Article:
CHIA good source of data about Mass. health care

The Center for Health Information and Analysis produces reams of data for both Massachusetts policymakers and the public, providing a window into state health care expenditures and offering tools to compare prices between different providers.

Ray Campbell, the executive director of CHIA, walked through some of the available online data tools during a recent conversation with Paul Hattis and John McDonough for their “Health or Consequences” Codcast.

“No other state has an organization quite like CHIA,” said Campbell, who added that the agency, which is funded by assessments on the health care industry, looks into spending on hospitals, drugs, and doctors, and it gains some important insights from the all-payer-claims database.

While CHIA has access to tools that are unavailable in other parts of the country, the agency can’t see everything, so it works collaboratively with the health insurers to give consumers a more complete idea of what they might pay for a particular procedure.

“I think when the Legislature directed CHIA to create this website, there was a sense we could create a shopping tool for individuals,” Campbell said. “We can see what a doctor gets paid for a particular procedure, but to know what you would pay when you go to that doctor, we’d need to know what insurance you have; we’d need to know what the status of your deductible is; if you’ve used it up or not. So we pretty quickly realized we couldn’t tell you what you most need to know in order to shop, which is: What am I going to pay? However, your health plan can tell you that information and by law they have to.”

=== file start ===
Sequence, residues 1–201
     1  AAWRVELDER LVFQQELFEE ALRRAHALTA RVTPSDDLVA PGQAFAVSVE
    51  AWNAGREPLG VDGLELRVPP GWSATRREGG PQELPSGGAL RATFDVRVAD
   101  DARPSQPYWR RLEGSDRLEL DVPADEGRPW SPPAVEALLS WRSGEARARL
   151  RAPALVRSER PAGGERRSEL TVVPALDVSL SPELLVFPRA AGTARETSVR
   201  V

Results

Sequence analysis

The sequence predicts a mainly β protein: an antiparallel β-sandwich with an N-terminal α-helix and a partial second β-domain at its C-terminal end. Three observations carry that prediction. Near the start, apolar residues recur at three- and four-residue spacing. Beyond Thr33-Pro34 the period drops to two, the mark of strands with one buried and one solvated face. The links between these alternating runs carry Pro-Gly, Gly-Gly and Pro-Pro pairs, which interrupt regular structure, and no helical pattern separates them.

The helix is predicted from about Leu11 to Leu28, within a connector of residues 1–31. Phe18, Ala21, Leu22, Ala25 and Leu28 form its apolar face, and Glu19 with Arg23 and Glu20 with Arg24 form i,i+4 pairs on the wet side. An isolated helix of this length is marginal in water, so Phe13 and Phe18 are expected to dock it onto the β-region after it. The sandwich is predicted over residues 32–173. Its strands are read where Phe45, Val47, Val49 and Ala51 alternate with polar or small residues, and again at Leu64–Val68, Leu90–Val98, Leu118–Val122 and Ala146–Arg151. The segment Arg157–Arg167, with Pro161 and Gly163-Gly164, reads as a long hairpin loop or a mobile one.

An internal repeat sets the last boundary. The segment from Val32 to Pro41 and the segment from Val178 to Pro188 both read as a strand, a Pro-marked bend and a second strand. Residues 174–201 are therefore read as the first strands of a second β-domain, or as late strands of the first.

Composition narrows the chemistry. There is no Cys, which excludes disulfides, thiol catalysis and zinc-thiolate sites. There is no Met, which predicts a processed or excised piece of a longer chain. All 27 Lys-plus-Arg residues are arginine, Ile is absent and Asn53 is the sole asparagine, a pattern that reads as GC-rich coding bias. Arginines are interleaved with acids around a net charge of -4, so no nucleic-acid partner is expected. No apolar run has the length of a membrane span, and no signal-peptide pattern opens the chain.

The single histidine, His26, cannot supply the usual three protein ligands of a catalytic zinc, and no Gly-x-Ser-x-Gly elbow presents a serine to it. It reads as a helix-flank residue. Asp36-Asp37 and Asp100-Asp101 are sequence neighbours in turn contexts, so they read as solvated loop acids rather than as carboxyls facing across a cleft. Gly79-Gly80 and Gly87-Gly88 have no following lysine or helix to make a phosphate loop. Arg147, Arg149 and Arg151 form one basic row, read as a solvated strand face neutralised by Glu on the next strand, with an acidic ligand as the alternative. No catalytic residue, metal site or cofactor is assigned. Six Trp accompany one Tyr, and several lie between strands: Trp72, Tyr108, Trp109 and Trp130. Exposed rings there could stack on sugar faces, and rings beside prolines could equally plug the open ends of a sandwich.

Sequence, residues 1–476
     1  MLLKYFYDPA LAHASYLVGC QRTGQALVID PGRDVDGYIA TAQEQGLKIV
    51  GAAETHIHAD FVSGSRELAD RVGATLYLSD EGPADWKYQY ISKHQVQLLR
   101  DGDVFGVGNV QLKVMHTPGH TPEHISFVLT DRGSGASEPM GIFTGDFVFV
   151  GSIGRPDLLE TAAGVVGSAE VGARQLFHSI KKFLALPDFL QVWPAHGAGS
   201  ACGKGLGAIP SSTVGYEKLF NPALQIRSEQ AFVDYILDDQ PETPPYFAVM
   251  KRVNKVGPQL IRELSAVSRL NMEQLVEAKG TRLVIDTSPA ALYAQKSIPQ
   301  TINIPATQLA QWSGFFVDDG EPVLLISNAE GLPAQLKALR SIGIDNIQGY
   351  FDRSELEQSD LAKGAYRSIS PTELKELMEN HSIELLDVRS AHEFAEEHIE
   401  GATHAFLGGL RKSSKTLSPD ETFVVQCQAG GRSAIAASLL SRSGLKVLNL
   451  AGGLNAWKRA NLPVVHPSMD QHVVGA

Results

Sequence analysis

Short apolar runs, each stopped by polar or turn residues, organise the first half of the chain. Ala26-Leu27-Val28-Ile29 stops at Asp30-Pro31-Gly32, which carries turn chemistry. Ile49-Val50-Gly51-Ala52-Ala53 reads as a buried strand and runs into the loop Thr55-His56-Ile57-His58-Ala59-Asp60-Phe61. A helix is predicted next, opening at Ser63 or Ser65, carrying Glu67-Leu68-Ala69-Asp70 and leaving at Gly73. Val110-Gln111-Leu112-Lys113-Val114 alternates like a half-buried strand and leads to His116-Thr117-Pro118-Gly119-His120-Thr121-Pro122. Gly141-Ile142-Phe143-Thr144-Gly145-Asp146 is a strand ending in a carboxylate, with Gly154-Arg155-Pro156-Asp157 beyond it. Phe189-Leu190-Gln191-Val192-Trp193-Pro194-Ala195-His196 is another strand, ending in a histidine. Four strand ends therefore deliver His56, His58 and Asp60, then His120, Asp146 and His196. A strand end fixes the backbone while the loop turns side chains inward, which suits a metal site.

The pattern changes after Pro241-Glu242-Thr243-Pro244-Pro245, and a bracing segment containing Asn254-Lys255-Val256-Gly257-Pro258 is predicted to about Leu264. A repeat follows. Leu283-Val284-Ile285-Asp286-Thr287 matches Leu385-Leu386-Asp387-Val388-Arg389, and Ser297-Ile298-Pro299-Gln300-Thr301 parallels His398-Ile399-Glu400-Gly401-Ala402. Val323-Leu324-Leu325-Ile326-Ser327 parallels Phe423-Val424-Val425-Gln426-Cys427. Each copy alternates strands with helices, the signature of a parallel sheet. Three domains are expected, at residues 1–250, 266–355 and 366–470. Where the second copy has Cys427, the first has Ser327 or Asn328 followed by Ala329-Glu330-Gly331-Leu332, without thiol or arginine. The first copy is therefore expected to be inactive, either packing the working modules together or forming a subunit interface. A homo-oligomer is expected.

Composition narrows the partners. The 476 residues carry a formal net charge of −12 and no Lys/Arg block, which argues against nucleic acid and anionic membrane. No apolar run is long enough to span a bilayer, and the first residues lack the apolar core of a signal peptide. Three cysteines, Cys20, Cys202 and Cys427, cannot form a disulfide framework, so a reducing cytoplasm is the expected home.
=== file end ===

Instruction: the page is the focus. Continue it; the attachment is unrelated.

CHIA was created by the Legislature in 2012 along with its sister agency the Health Policy Commission, which can dig deeper into the data analysis produced by CHIA, Campbell said. The HPC makes policy decisions that affect the health care marketplace. Campbell said one area the commission might want to explore is the “fairly brisk” growth in outpatient spending even as overall health care spending growth has moderated.

The all-payer-claims database is an important source that gives CHIA the ability to analyze health care expenditures in the private market. In 2016, the US Supreme Court ruled that states cannot force self-insured organizations to hand over their health claims data. Self-insurance is common among large companies that can afford it, but cutting off that stream of data hasn’t hampered CHIA’s mission that much.

“It turns out that’s not as much of a drawback as you would think,” Campbell said. Still, there is legislation in Congress that would “address that very issue,” he said.

CHIA doesn’t use the all-payer claims database to generate its popular and pored-over annual total health care expenditures report, Campbell said.  The agency uses different tools to develop that analysis.

Before heading up CHIA, Campbell was recruited to work at the Group Insurance Commission by Dolores Mitchell, the agency’s longtime former director, and he was also executive director of the Massachusetts Health Data Consortium. Gov. Charlie Baker appointed Campbell to be head of CHIA in 2016.



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